I have been introduced, thanks to Jill Elhert of StoneyGround Studio, to the process of Zentangle. If you've not heard of it, it's a great doodling technique; quite meditative and a really good way to engage the right-hemisphere, and to just get some marks made on paper, without feeling committed to the final result (and hence without getting stuck on the starting point).
I've been in quite a creative slump for months. Mostly I've been stuck because while I enjoy doing realistic work, I wanted to somehow incorporate more abstraction to my realism.
Thanks to the Zentangle, I think I've figured out a way to do so.
It's been percolating in my mind actually for at least a year: I somehow wanted to print and collage and get something out as a result.
The plan (and please bear with me, because it's going to take an awful lot of work to get to the point where I have a finished product):
1. Create multiple, uniform sized blocks that are each carved with a unique pattern (based in nature to start, but also I'd like to use man-made and geometric patterns).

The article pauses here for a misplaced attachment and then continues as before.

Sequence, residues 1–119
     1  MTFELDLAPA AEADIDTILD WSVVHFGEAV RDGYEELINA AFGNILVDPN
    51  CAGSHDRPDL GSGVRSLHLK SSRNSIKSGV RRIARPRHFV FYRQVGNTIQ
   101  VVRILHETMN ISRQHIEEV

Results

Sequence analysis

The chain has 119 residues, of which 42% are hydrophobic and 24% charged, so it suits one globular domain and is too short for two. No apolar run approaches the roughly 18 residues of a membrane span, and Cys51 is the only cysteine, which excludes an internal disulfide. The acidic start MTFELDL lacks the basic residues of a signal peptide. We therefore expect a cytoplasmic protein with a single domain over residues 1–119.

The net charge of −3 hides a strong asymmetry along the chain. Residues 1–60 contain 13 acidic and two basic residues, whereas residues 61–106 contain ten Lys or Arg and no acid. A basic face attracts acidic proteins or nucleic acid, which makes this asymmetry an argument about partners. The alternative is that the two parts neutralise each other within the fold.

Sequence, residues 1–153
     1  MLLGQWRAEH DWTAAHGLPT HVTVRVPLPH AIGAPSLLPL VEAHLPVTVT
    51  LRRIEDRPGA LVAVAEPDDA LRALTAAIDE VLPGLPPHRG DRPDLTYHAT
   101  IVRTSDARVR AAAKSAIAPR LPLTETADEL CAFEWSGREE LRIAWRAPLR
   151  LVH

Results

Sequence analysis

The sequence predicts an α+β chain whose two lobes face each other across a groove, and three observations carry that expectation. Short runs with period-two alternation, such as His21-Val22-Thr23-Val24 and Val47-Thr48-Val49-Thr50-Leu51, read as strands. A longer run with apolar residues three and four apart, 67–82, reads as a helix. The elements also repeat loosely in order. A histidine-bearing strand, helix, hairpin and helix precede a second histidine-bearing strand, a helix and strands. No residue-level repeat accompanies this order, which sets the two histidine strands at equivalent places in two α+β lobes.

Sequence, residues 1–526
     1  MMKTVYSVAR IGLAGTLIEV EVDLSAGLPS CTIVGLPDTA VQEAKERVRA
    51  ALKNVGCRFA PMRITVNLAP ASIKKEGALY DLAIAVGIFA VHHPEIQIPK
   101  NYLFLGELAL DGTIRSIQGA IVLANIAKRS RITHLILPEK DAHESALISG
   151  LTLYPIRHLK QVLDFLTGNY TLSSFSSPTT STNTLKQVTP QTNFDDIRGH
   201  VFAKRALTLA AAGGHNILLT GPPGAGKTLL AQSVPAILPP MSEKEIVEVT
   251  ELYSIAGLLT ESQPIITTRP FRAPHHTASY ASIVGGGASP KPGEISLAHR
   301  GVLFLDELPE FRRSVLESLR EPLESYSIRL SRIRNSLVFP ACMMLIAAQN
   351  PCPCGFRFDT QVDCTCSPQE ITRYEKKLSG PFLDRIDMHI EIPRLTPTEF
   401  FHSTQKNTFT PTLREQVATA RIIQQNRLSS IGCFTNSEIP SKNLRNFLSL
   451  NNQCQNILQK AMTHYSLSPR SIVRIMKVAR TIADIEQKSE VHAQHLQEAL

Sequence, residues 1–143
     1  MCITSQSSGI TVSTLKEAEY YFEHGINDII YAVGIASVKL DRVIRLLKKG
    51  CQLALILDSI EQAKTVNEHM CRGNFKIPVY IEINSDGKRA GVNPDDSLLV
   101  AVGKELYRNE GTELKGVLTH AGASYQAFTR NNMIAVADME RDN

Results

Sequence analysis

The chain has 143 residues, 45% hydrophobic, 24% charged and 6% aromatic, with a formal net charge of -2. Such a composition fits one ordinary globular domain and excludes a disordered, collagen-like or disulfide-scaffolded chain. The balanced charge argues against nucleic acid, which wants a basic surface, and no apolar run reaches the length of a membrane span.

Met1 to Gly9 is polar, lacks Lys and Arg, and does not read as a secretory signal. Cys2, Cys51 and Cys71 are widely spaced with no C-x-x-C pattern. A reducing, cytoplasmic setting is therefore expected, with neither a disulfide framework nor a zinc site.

2. Print off those blocks, either a full sheet of one block prints repeated, or combining blocks to fill up a full sheet.
3. Cut the prints into shapes and collage in a somewhat random, spontaneous manner, onto a canvas support.
Now, I can either leave it at that, just as interesting monochromatic print collages, presented either individually or in an array or mosaic, like tiles. Or, I can continue:
4. Add acrylic washes and brush work, maybe some texture work, still keeping it abstract, using colour themes for example, or playing somewhat with colour theory.
5. Or when I'm composing the collage, be deliberate and follow a specific composition (realistic or not), using the darker prints for the darker values, and lighter prints for lighter values, etc. Then add colour to build a painting on top of the collage, using the values created by the print collage to dictate the values of the final piece.
As you can see, there's a lot of opportunity for play and spontaneity. I'm hoping this will help give me something to work on, yet not get frustrated that I'm not "finishing" anything very fast.
I find patterns, either in nature or man-made, extremely compelling. I love the rhythm produced by repetition, and I love trying to make shapes more graphic in my work. I am quite looking forward to working on this project. Stay tuned; I'll continue to post my Zentangles as I work on them, just so you can see some of the process of thoughts and creativity behind the project, since it's going to take quite a lot to get a finished piece!